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ADBA calls for AD to be recognised in manifestos

Charlotte Morton, CEO at ADBA
Charlotte Morton, CEO at ADBA

The Anaerobic Digestion and Bioresources Association (ADBA) is calling for the value of anaerobic digestion to be recognised by UK political parties.

The call comes with a snap election on the horizon and all parties now scrambling to pull together manifestos.

ADBA chief executive Charlotte Morton said: “The performance of local authorities and politicians on the ground can have an impact on how people vote nationally. There are levers that the Government can pull to make their job on the ground easier, and this is true when it comes to supporting the AD industry and sorting the problem of food waste collections in England.”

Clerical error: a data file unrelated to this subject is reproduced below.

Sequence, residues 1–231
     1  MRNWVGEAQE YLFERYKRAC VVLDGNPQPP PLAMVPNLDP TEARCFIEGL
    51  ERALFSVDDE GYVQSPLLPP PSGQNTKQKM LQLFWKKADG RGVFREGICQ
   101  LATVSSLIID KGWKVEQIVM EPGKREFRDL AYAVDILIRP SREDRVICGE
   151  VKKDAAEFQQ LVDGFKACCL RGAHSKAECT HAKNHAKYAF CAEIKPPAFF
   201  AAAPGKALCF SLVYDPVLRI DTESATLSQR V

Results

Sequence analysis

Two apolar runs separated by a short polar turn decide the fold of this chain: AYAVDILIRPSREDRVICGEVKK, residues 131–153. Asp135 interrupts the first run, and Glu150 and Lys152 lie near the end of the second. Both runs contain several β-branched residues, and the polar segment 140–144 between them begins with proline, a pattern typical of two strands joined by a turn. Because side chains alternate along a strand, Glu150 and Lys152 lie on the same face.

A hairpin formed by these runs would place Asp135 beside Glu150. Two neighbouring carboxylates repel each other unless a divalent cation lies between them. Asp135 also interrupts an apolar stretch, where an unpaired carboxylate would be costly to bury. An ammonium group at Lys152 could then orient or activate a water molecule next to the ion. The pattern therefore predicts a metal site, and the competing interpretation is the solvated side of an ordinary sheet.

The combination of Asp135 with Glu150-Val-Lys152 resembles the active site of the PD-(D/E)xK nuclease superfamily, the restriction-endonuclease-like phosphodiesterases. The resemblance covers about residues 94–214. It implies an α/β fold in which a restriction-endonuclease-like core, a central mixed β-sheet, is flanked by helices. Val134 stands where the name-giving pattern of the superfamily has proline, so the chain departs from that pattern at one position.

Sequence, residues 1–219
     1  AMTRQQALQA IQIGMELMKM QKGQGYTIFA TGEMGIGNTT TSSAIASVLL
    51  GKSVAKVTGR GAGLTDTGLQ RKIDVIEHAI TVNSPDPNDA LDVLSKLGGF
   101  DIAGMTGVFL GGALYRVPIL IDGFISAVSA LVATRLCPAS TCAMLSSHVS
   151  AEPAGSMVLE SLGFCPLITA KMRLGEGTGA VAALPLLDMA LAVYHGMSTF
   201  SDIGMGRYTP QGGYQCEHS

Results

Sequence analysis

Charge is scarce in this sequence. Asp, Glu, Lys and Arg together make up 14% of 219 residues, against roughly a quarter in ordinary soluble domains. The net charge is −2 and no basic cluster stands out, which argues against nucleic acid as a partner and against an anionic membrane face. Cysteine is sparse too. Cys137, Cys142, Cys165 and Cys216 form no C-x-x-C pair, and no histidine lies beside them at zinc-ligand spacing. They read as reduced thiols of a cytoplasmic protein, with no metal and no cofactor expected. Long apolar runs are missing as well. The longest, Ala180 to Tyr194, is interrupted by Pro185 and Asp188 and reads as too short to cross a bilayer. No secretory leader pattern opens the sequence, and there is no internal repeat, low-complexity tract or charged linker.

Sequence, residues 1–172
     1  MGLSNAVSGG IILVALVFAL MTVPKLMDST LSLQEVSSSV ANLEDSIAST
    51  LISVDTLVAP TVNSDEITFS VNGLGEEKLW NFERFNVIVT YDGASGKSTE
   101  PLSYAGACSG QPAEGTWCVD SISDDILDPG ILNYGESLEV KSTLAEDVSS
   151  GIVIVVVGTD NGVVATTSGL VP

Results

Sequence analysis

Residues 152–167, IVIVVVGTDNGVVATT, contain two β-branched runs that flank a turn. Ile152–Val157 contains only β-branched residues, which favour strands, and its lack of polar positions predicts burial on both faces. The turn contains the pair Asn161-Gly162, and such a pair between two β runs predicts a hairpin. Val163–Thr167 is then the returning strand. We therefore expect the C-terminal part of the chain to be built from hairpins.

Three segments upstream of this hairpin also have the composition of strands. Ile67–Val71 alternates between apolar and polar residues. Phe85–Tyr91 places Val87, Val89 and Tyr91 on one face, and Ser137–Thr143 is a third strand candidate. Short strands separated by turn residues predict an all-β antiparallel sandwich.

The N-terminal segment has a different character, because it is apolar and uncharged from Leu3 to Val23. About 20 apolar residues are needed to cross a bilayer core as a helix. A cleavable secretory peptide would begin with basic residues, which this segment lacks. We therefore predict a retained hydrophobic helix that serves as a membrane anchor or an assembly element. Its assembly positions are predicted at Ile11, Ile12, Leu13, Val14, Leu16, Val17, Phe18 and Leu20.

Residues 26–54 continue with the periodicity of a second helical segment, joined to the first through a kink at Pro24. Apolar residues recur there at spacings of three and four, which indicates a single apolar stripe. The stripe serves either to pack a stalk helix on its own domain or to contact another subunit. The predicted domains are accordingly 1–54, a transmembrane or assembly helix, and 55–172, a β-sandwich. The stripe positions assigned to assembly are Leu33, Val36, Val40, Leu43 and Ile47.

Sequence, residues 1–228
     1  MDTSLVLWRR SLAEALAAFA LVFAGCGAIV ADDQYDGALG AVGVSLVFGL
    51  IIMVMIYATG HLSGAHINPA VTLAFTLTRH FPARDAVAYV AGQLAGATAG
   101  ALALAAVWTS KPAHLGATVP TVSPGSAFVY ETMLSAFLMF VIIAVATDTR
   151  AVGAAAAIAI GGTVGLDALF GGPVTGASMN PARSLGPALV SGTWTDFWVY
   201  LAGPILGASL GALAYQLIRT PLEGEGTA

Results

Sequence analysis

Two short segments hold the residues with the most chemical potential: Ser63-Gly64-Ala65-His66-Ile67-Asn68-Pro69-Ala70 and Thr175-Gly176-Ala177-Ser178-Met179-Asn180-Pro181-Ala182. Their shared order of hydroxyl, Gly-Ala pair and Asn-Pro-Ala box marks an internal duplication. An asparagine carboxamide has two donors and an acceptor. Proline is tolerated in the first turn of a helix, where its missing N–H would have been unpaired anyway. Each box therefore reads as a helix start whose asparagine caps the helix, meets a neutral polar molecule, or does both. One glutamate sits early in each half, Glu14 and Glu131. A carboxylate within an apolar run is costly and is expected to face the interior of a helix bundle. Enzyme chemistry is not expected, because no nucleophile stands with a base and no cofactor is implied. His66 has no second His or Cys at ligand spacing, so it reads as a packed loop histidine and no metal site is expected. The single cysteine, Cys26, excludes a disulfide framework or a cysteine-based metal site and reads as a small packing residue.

In order to lock in the progress that this innovative industry has made over the last few years, ADBA is calling for three policies that all parties should include in their manifestos:

Re-introduce the legislation on the Renewable Heat Incentive (RHI) as soon as possible in the next parliament, and commit to increasing the RHI budget so we can continue to produce clean, green energy and useful products like biofertiliser.

Commit to legislation introducing separate food waste collections in England, to divert waste away from landfill, helping meet our carbon commitments.

Support UK farmers by restoring viable tariffs to the Feed-in Tariff (FIT) scheme and remove the AD capacity cap.

Local problems on what to do with food waste, as well as national ones on meeting our energy needs and cutting carbon emissions will come to a head in the next Parliament. With the right targeting support, AD can help solve many of these domestic issues, while boosting our exports abroad.

ADBA will be taking these messages to the new Government as soon as it is in place, and helping our members lobby their prospective parliamentary candidates over the coming weeks.

Charlotte Morton, CEO at ADBA